Student working on a car

Brigham Young University-Idaho now offers the largest automotive bachelor degree program in the country, and employers such as Ford, Toyota, and Fiat Chrysler are eager to hire BYU-Idaho interns and graduates.

May 22, 2017
Writer: Dain Knudson

Brigham Young University-Idaho now offers the largest automotive bachelor degree program in the country, and employers such as Ford, Toyota, and Fiat Chrysler are eager to hire BYU-Idaho interns and graduates. 

Justin Miller, a faculty member in the Automotive Program, explained how these large automotive companies discovered BYU-Idaho.  

"It begins with our students.  When they obtain employment within the industry and impress their employers, those companies become very interested in hiring more students like them." Miller said.  "BYU-Idaho graduates have developed a great reputation throughout the automotive industry in recent years."

Additionally, the National Association of Automotive Universities recently added BYU-Idaho as a member, which allows the university to be discovered by major automotive companies more easily.  

"It is exciting because these companies only recruit from about four or five universities in the nation, and we made that list," Miller said. "We are actually the largest source of new employees and interns for some of these companies." 

According to Miller, the success of the program in placing students in these companies comes partially from the passion of faculty members to help their students succeed. 

 "All of the faculty members I work with really care about the students they work with," Miller said.

Shawn Wible, a BYU-Idaho alumnus who graduated from the Automotive Program in December 2016, agrees that good faculty mentors lead to student success.

"They go above and beyond to make sure you get the career that you want," Wible said. "From what I have seen they are the most invested professors at the university and give hours and hours of their own time to make sure their students are getting the connections they need to."

This dedication has paid off-nearly 100 percent of students in the Automotive Program secure a job in the industry after graduation. Many of these students are getting hired at major automotive companies. 
To help students understand how to market themselves in the automotive industry, the faculty have developed a course that teaches students to network and plan their careers. In this course, students have weekly meetings with automotive industry professionals and hear real-world insights from recent graduates about how they should be preparing in order to be successful in their future careers.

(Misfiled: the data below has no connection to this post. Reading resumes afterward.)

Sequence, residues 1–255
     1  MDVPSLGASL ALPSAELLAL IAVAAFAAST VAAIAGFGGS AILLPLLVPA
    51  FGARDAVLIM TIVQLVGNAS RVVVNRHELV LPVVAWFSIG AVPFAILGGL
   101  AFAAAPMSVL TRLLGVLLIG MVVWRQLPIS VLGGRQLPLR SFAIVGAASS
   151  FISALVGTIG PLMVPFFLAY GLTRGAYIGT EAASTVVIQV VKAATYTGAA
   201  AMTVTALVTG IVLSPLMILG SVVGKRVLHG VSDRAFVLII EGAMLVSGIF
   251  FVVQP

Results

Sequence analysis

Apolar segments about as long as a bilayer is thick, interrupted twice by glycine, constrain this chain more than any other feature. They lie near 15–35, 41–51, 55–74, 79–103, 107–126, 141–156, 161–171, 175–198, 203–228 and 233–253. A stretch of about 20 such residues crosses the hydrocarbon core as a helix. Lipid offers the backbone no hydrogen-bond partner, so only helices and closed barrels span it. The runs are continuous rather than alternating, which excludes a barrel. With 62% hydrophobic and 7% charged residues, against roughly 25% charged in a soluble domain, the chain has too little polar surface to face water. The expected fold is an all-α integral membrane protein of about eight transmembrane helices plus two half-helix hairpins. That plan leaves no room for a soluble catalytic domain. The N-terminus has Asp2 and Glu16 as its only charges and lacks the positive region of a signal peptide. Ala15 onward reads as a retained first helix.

Miller noted that many students are getting jobs in three main areas: test engineering, service engineering, and management roles within the automotive industry. This means that BYU-Idaho graduates are helping to create the cars of the future, improve today's automobiles, and find better ways of conducting business within the industry. 

The program endeavors to teach not only hard skills such as car maintenance and repair, but also soft skills that develop students into valuable assets for future employers. 

"Everybody wants a good communicator and someone who works well with other people. These companies are looking for employees who can communicate both in writing and orally," Miller said. "They want someone who is dependable, not someone who is going to show up late to work. We teach our students to go the extra mile and work hard."

According to Miguel Lopez, a senior studying automotive engineering twechnology, the real-world experience offered by the Automotive Program creates amazing learning opportunities. These opportunities have led to multiple job offers for him as he prepares to graduate this spring. 

"One thing I like the most about the Automotive Program is that we get to learn and expand our interpersonal and communication skills as we interact with customers to figure out vehicle diagnostics," Lopez said. 
The Automotive Program, according to Lopez, teaches students more than just good practices when it comes to the automotive industry. It teaches them how to innovate in a way that makes the students valuable to future employers. 

"I believe that anybody can eventually figure out any issue with vehicles," Lopez said. "There are a lot of people out there that guess their way to a solution. Our program teaches us to be problem solvers, not problem guessers. Being able to solve a problem, and do it right the first time, that's priceless."